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Industrialization Results

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On the whole, the government’s modernization effort, despite its Russian peculiarities, reflected some of the more general global trends of the twentieth century and evoked cooperation of different sectors of the population. 


Thousands participated in the “great construction project of socialism” with a will to self-sacrifice, accepting hardship with a real sense of comradeship. Many were inspired by the Bolshevik vision of socialism and gave it their full support. The wave of labor enthusiasm was reinforced by carefully stage-managed propaganda campaigns leading to the appearance of “socialist emulation” as a form of competition for greater labor productivity among workers. The Stakhanovite movement, named for the record-breaking coal miner Aleksei Stakhanov, is perhaps the best-known example of the shock-worker competition of that period.  

In a speech made in 1946 Stalin explained the causes of the Soviet victory in the Second World War by the rapid economic progress achieved in an incredibly short period of time during the prewar decade. He claimed that by the start of the war Soviet Russia had been transformed from an agrarian country into an industrial one, ready for the defense against the Nazis. The comparison of economic indicators of tsarist Russia in 1913 with those of the Soviet Union in 1940 brought him to the following conclusion:


Such an unprecedented growth of production cannot be regarded as a simple and ordinary development of a country from backwardness to progress. It was a leap, with the help of which our Motherland had been transformed from a backward country into an advanced one, from an agrarian country into an industrial one. This historical transformation had been accomplished in an incredibly short period of time. It had required about 13 years starting from 1928.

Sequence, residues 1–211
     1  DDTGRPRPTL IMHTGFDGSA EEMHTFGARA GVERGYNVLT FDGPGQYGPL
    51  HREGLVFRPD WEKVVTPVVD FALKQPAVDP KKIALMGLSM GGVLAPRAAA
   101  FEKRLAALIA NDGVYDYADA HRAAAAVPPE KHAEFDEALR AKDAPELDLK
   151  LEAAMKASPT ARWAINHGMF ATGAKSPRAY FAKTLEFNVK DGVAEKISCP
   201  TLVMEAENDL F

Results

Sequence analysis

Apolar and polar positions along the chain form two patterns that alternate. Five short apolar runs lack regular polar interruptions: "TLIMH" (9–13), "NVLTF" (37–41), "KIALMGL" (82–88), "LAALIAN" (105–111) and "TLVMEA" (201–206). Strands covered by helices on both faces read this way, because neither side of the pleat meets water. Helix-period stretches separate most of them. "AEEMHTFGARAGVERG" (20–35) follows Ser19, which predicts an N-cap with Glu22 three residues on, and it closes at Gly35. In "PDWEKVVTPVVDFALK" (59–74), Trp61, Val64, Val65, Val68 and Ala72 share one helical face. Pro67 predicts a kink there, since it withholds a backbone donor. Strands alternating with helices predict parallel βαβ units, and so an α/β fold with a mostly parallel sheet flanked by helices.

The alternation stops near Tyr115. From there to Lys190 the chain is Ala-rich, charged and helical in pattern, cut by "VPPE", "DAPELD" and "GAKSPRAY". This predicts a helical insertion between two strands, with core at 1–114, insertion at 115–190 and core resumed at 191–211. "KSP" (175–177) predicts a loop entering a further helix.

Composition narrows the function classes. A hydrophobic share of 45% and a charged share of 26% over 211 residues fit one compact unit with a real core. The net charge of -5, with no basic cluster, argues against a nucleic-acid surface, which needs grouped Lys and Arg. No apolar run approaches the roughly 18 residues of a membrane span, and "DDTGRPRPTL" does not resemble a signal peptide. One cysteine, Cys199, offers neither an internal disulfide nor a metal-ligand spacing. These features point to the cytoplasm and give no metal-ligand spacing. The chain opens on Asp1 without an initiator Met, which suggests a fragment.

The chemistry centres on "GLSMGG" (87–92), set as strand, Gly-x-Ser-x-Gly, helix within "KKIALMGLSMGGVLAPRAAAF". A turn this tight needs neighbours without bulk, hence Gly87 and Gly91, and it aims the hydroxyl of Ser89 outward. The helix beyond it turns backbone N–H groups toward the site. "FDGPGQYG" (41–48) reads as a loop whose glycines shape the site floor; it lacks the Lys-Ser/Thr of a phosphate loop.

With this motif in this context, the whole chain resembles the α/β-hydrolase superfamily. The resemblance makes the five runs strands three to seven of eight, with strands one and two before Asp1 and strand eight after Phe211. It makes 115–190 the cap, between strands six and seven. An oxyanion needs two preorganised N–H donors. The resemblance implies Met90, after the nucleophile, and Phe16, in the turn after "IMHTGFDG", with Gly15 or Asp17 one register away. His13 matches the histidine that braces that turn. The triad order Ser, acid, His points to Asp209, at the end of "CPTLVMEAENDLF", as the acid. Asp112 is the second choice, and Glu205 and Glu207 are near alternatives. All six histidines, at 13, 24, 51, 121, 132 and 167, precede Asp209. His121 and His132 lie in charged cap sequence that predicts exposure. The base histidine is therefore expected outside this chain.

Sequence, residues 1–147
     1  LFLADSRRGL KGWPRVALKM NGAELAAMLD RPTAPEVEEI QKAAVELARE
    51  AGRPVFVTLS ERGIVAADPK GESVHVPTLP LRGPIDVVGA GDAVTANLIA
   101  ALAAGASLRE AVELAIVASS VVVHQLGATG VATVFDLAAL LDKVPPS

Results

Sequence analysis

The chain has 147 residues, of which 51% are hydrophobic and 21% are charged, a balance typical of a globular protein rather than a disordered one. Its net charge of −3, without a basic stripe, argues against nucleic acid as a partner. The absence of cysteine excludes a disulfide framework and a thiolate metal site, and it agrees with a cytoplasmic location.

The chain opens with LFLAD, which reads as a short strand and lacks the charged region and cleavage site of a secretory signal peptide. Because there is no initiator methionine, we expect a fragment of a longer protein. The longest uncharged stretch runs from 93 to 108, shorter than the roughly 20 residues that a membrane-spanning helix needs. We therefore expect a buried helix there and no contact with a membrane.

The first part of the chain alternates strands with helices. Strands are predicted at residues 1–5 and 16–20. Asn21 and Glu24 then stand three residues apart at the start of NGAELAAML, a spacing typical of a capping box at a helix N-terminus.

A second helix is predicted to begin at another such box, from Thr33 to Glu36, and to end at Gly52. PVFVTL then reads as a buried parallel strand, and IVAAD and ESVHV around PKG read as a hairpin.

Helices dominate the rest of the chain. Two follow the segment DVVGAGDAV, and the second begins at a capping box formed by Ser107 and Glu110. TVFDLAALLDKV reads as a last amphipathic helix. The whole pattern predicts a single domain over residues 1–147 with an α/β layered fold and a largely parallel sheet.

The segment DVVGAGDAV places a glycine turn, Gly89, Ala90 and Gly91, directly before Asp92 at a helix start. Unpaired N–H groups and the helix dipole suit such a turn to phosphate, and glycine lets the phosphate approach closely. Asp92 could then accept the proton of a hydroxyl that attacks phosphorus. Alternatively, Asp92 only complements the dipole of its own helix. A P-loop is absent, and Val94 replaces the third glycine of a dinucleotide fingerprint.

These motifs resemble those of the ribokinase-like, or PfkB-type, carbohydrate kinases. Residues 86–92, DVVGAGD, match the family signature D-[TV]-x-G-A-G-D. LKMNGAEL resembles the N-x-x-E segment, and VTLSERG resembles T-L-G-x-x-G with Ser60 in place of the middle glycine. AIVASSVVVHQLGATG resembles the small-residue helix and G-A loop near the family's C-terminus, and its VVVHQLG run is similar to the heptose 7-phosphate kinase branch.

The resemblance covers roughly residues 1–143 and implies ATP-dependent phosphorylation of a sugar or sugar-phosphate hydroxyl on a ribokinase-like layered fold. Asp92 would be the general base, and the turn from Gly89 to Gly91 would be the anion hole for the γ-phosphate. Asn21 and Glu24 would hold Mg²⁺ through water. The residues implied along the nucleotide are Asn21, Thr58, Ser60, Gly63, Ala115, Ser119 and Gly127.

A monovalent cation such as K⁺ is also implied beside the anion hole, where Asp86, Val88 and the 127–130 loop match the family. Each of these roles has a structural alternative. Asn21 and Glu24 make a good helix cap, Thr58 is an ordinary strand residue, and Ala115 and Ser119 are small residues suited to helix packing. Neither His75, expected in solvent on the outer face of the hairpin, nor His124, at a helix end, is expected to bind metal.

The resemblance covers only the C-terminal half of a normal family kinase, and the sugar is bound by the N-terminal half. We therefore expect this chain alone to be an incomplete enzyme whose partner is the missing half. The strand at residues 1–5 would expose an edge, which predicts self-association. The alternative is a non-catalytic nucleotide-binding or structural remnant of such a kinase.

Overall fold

Stalin claimed that industrialization and collectivization were the twin cardinal policies of the Communist Party that made this feat possible. The scale of achievement in the heavy industrial sector was particularly staggering. From 1928 to 1941, 9,000 large-scale industrial plants were built, or 600 to 700 each year. In a short period of time an industrial capacity was built characteristic of the more economically advanced countries. In terms of its branch structure and technological sophistication the Soviet economy now stood at a level comparable the industrialized countries of the capitalist West. The industrialization enabled the Soviet Union to mass-produce aircraft, trucks, cars, tractors, combine harvesters, synthetic rubber, and different types of equipment designed primarily for the expansion of heavy industry and military might. In the years of the “great leap” industrial production grew at an average annual rate of 10 to 16 percent, displaying the remarkable dynamism and seemingly boundless potential of the new economic system. By 1937 the USSR was second only to the United States in its gross industrial output (in 1913, fifth place).

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Soviet Russia

Understanding the Soviet Period
Russian Political Culture
Soviet Ideology
The Soviet System
Soviet Nationalities
The Economic Structure
The Socialist Experiment
"Great Leap" to Socialism
The USSR in World War II
Stalin's Legacy
Brezhnev's Stagnation
The Economy in Crisis
Political Reform
The USSR's Collapse

Models of Soviet Power

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